We're a (healthily) competitive lot here at Original Travel and all this recent chat about the new hosts of The Great British Bake Off got us thinking. Why just Britain? And why just baking? Cue the drawing of continental battle lines and each team putting forward their region's finest cuisine for our inaugural Great Global Bake (and Roast, Braise, Steam, Sauté, Barbecue etc) Off. OK, so the title could do with some work but we think we've got a sure-fire smash hit show on our hands (any TV producers reading this, do give us a call). Fast-forward to the final, and after some fierce competition (Australasia saw off the Caribbean in a particularly closely fought quarter-final), which two continents do you think impressed the judges? It came down to a battle royale between Asia and Europe, with (spoiler alert) Asia eventually raising the trophy. Here are the reasons why. (Permission to salivate…)

Floating market

Thailand

Whether elbow to elbow with the locals at a bustling Bangkok food market, sitting with toes in the sand on an idyllic island or suspended in a Treepod amid the rainforest canopy having dining delights delivered by zipwire at Soneva Kiri, the common ingredient of a Thai dining experience is the delicate balance of tastes, at once sweet, sour, salty and spicy. Learn to craft the perfect Green Papaya Salad - the zing of lime, sweet crunch of palm sugar and sour shrimp paste - at a village home in Northern Thailand, or tour the markets of Bangkok with a local, sampling all manner of ingredients as you go.

Japan food

Japan

There may be more Michelin starred restaurants in Tokyo than any other city on earth but we'd rather focus on another of the many, many great reasons to visit Japan - namely, staying in a ryokan. These traditional inns offer a fascinating insight into Japanese home life, complete with tatami walls, futon beds and yakata dressing gowns, but the highlight of any ryokan stay is your multi-course kaiseki dinner - which is always included - and which involves ten or more tiny, beautifully presented dishes served in your bedroom. Don't expect to know what everything you eat actually is; do expect it to be completely delicious and one of the highlights of your trip.

Vietnam

Vietnam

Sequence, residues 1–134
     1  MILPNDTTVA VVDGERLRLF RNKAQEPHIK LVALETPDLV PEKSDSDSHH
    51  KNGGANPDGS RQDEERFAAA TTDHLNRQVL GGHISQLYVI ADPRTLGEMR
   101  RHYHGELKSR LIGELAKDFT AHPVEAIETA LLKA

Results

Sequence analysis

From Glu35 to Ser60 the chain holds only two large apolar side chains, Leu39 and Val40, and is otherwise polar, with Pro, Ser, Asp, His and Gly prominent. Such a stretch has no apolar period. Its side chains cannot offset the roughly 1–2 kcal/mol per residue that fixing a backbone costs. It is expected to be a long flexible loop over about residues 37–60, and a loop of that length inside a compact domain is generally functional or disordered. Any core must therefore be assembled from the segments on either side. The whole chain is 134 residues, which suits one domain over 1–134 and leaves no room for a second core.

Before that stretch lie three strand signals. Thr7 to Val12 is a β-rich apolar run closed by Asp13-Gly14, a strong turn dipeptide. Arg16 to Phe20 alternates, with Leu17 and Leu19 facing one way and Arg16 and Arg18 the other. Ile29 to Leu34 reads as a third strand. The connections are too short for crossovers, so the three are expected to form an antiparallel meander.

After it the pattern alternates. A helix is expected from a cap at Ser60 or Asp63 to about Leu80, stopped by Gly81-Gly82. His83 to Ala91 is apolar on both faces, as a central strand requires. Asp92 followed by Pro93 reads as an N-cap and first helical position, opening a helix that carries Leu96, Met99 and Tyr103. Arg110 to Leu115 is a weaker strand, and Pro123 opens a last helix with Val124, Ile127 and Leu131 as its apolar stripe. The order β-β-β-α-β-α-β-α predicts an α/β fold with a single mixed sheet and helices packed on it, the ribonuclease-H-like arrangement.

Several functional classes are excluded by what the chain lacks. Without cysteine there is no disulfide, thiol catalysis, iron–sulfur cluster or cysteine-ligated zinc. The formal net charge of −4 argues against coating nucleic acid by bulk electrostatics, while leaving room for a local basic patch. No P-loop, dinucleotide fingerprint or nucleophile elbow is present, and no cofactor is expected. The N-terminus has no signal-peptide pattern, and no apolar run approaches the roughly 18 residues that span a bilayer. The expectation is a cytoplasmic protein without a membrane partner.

A focus on fresh herbs, vegetables and grilled meats makes Vietnamese one of the healthiest cuisines in Asia. Take summer rolls: a delicious union of mint, coriander, carrot and shrimp tightly packed in a translucent rice paper roll, and not deep fried like their springtime cousins. And let's not forget Vietnam's breakfast staple, phở. This noodle, veg and meat broth is serious business across the country, with family recipes handed down over generations and broths often simmering for days on end. Get your fill of banh mi, bun cha and banh xeo on a street food tour led by a blogger in Hanoi, or hop on the back of a vintage Vespa to whizz around the streets of Ho Chi Minh, sampling dishes from the locals favourite spots.

India

We were spoilt for choice in coming up with the ultimate Indian culinary experience. There's the porridge cooked over an open fire at dawn before a tiger safari at Sher Bagh (optional whisky added if it's cold) or a food critic guided tour of the Parsi food scene in Mumbai but the eventual winner comes from Kerala, our foodie favourite. Philipkutty's Farm is a charming homestay and working farm in Kerala's beautiful backwaters. Enjoy a full day foodie experience including a tour of the farm and the chance to harvest the juiciest tiger prawns in the farm canals and a wide range of organic ingredients and herbs before a cooking class - led by the owner's mother-in-law - to turn all these fantastic raw materials into a super-tasty end result, a sumptuous seafood curry with turmeric, ginger, cumin, coconut, tamarind and, of course, chilli that's perfectly blended for the ultimate hot/creamy combo.

Singapore

2016 was a big year for Singapore's foodie crowd with the launch of the inaugural Michelin Guide to Singapore. Said Michelin Guide also showcased some of the world's cheapest Michelin star cuisine in one of the world's most expensive cities; Liao Fan Hong Kong Soya Sauce Chicken serves lip-smackingly succulent Cantonese style chicken (and pork) on a bed of fragrant, fluffy rice for under £2 a plate - tried and tested by the Original Travel team! But the culinary crown in the city must go to Singaporean Laksa. The fiery chilli, punchy citrus and tart fish sauce flavours are perfectly balanced to create a warming pinky broth best slurped with sleeves rolled up and bib tucked in.